I'm really leaning towards the plate style at the moment. My only concern with these are temperature. I've done a lot of searching on the forum and it seems that most are saying really working a Case like tilling or equivalent use of rear pto, the hydraulic system is running upwards of 200掳. So maybe I'm over thinking it. If the oil cooler and my little radiator can keep the coolant temps around 160掳 to 200掳 I'd guess I probably would be ok. Guess I'm gonna find out because adding a front pto back would actually be really nice.

I wasn't initially even concerned about a front pto but the more I think about it, the more excited I get to keep this feature. Mowing the lawn with a diesel swap would be awesome considering the fuel consumption alone. My '88 446 is a absolute gas guzzler.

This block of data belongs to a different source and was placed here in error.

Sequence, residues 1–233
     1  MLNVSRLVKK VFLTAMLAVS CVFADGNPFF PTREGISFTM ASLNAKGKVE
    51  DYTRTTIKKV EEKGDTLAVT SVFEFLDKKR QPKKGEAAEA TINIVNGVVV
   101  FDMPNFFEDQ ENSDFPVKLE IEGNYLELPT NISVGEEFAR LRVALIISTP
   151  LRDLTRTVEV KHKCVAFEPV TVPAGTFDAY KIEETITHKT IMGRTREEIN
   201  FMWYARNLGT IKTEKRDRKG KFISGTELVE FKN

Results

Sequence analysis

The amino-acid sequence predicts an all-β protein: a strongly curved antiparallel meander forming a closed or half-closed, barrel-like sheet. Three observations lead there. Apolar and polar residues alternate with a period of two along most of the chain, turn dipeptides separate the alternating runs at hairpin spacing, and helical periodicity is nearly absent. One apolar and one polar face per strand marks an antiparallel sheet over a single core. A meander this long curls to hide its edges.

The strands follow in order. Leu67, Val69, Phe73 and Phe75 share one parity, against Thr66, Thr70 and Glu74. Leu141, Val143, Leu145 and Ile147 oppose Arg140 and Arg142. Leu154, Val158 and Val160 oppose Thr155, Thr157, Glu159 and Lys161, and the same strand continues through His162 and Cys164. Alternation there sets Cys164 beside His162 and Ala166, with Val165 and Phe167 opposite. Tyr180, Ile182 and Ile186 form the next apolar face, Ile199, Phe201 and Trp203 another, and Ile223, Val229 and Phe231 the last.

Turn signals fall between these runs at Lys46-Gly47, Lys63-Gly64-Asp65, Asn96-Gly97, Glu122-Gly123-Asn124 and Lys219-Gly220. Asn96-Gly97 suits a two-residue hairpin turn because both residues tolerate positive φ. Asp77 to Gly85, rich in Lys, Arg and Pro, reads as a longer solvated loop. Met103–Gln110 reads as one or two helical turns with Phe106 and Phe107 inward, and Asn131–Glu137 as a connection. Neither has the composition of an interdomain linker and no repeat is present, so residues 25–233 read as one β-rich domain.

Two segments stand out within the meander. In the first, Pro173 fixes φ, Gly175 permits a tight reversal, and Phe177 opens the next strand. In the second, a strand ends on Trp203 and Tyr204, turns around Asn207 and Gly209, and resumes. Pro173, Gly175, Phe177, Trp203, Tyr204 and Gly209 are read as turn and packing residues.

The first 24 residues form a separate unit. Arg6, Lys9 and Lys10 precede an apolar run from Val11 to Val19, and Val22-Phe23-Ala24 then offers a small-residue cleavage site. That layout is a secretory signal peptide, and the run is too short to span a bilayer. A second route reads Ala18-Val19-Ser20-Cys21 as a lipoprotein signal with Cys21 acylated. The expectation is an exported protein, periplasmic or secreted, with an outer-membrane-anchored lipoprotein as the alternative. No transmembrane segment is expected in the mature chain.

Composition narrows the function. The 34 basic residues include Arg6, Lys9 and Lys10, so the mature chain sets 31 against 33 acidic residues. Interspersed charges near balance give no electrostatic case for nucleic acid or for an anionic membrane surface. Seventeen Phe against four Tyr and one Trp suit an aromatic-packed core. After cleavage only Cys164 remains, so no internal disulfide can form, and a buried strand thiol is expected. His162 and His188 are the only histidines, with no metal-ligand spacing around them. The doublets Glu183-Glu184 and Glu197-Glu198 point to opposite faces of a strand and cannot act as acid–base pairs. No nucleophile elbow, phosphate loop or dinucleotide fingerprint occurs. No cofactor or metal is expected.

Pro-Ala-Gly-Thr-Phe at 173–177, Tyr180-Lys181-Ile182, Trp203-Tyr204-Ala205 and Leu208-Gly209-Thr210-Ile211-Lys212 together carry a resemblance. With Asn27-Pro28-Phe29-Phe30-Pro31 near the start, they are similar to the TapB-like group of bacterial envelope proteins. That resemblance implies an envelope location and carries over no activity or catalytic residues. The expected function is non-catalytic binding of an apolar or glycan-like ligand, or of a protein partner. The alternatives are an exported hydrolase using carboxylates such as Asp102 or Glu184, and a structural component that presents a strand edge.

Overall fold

I'm genuinely impressed by all of your progress so far. But if you manage to shoehorn working PTO in there too, then in my book you have really hit the trifecta for a the "ideal" engine swap.

Just fantastic.

Bob
 

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Just got caught up.. really great stuff.

I think hydraulic system temps are generally LOWER than engine oil temps can get to in any car/truck that doesn't have an oil cooler. So definitely 'fine' to do the liquid to liquid you were mentioning. My mom's Volvo i just did some work on has one like that right off the side of the oil pan. Some people use them between their air conditioning lines and a liquid tank for an air to water intercooler, etc.. all cool stuff. :)